I don’t get this…

…actually, I do get it; I was just being facetious.

To explain: I obviously follow the research evidence and how that informs clinical practice and clinical decision making very carefully. If that research stacks up to scrutiny, then it has to inform clinical practice and be factored into the models that underpin clinical practice. What we do and understand must change with the new evidence. That is how knowledge, science and clinical practice progresses.

Good science, good theory and good clinical practice takes into account all evidence, wherever it goes and takes into account all arguments and all research, and most importantly: changes when new evidence suggest that it should.

Bad science, bad theory and bad clinical practice will often start with a conclusion and then searches out only the evidence that supports that (ie cherry picking, confirmation bias) and either ignores or is hostile towards research that does not confirm those preconceived biases.

In that context, I always find it intriguing when tracking what and how new research is shared and linked on social media. It typically follows that good/bad science pattern. I usually just do the roll eyes and shake the head as you see the cherry picking and confirmation biases play out. I sometimes comment or troll them and sometimes get blocked for my comment (that is another sign of bad science and bad theory in that they are hostile to criticism, are dogmatic and don’t engage).

I like to think I have a clear conscious on this. I think if you check my social media accounts, I frequently post links to content that may be seen as contradictory to what people unrealistically claim as my preconceived biases. I also obviously post links that support my alleged preconceived views. What I do try and be careful at doing is evolving my ideas, views and models as that evidence accumulates. Those that have heard any of my lectures over a longer period of time know how they change with the evidence and not just the cherry-picked evidence (and also a somewhat sense of embarrassment over what I might I believed/said many years ago).

What motivated me today to get back to writing on this blog post was something that has played out in the last week or so in social media concerning several studies that were just published. Personally, I shared ALL of them on social media and not just the one(s) I like. That was not done by others who like to only share cherry-picked content that supports their preconceived biases.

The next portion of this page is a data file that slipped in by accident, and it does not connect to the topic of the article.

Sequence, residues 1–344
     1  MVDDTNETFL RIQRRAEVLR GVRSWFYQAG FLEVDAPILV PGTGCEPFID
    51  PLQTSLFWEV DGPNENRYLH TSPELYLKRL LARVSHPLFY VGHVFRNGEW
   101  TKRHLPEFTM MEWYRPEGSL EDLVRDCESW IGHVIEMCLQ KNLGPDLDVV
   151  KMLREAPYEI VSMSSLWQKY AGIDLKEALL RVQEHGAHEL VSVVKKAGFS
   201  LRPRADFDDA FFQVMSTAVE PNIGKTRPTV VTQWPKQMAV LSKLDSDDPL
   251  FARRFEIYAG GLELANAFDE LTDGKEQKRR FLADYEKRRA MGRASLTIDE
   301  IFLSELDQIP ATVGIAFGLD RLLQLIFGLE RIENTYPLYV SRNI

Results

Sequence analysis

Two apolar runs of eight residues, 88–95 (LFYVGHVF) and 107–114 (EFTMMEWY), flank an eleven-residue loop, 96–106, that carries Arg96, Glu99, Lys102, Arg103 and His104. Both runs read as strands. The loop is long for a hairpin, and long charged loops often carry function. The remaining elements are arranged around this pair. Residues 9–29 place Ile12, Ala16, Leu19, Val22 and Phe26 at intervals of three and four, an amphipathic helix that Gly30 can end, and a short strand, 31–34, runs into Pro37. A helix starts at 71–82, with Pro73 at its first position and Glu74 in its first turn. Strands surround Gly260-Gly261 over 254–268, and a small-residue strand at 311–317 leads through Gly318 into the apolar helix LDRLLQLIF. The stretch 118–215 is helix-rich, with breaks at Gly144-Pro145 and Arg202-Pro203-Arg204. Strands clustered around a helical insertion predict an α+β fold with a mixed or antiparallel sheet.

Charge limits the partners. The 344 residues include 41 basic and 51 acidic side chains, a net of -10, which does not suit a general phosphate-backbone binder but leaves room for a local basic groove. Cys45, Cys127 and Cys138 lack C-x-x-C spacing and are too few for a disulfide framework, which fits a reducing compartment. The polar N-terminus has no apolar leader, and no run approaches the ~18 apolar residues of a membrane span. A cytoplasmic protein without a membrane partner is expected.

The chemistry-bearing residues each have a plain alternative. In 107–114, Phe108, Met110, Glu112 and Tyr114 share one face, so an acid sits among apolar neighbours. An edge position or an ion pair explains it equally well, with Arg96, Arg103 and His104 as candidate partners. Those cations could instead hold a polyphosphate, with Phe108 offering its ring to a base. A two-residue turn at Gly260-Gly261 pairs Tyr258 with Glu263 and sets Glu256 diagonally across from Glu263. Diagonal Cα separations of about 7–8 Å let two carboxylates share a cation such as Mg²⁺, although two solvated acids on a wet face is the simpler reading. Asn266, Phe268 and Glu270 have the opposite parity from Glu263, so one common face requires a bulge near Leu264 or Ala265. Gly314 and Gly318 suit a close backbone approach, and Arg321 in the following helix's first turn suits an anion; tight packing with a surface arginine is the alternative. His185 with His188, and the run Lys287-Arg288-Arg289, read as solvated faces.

The first study that was widely shared and liked and positively commented on by those with one particular agenda was this study by Kulmala et al that reported that:

We found that highly cushioned maximalist shoes alter spring-like running mechanics and amplify rather than attenuate impact loading.

That conclusion got quite a mileage in social media and looking at the posting history of those who shared it, it is probably not a surprise (I won’t get into methods issues in the study (they are fine) or make too many comments on the spin they put in the results (which is bad), but maybe another time).

The purpose of this blog post and what I wanted to point out is that to ask why those who shared that, did also not share this study by Meardon et al

These results suggest that increasing shoe cushioning properties ∼10–20% may benefit individuals susceptible to high loads at the ankle, and to a lesser extent knee and hip, during running

Could it be because it did not support their agendas?

or this study by Sinclair:

Peak Achilles tendon force was significantly larger (P = 0.039) when running barefoot (6.85 BW) compared to shod (6.07 BW). In addition, both medial (P = 0.013) and lateral (P = 0.007) tibiofemoral instantaneous load rates were significantly larger in the barefoot (medial 289.17 BW/s and lateral 179.59 BW/s) in relation to the shod (medial 167.57 BW/s and lateral 116.40 BW/s) condition. Finally, the barefoot condition (9.70 BW) was associated with a significantly larger (P = 0.037) peak hip force compared to running shod (8.51 BW).

Could it be because it did not support their agendas?

All three studies were published pretty much in the same week. I shared all three in my social media accounts. However, tracking how they were or were not shared in social media by others was a text book lesson in cherry-picking and confirmation bias.

I could ask why they do that? and say, I just don’t get it. I do know why they do it and I do get why they do it. They shouldn’t do it.

I did respond with comments to ask why they posted one and not the other or both, only to get a couple of blocks or comments deleted or ignored or if I got a response, it was clear that they just did not get it.

If we want our understanding of science, knowledge and clinical practice to progress we have to do better than just support what confirms our preconceived biases.

As always, I go where the evidence takes me until convinced otherwise …. critical thinking skills please

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